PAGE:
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Bump hunting in regression revisited Harezlak, Jaroslaw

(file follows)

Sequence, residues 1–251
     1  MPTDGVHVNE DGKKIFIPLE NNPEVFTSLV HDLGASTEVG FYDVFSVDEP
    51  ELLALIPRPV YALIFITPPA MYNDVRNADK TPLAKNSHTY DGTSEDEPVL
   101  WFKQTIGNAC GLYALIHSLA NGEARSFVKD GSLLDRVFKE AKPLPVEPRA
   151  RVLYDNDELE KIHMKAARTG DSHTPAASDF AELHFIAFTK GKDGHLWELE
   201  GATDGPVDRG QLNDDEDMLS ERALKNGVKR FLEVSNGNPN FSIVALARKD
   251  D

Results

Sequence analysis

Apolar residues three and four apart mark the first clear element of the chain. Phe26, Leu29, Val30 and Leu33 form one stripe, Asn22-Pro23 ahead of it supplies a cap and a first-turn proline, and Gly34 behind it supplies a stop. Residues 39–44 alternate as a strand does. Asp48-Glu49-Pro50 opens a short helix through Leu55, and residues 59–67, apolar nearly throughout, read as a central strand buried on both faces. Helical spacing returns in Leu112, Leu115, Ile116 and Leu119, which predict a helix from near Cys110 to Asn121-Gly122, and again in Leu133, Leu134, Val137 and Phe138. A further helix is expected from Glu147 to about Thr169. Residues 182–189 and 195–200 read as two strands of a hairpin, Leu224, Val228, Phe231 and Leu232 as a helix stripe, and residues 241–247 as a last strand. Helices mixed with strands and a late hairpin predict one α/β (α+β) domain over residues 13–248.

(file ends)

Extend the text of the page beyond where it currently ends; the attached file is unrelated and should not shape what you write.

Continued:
Suppose bivariate data [formula] are observed at times a ≤ t1 ≤ t2 ≤ ... ≤ tn ≤ b. Given a nonparametric regression model [formula] mean 0, variance ϭ² , for i = 1, 2 , . . . , n, we want to estimate the number of modes of the underlying regression function m(-) or its derivative. We use the penalized least squares technique to get an estimate of m(-), i.e. the function minimizing [formula] where [formula] dt is a penalty function and ƛ is a smoothing parameter. The estimate of the derivative, m’ is simply the derivative of the estimate, (m’). A new test of multimodality is introduced and its performance is studied. Our idea is motivated by the test proposed by Silverman (1981) concerning the number of modes in the density function. He used a "critical bandwidth" as a test statistic in a kernel smoothing context. He noted that if the data are strongly bimodal, we would need a large value of a bandwidth to obtain a unimodal density estimate. In our case we define the "critical smoothing parameter" Xcrit as the smallest ƛ giving an estimate with the specified number of modes. We use Ac r ; 4 as a test statistic in our new test CriSP. We use bootstrap techniques to assess the performance of our test. We study the effects of the penalty L on the quality of our test via simulation using different regression functions and we compare it with Bowman et.al.'s monotonicity test (1998). CriSP is also applied to the children's growth data in studying the number of bumps in the derivatives of the growth functions. In a sample of 43 boys and 50 girls, our test procedure gives an automatic classification rule in about 80% of the growth curves analyzed.

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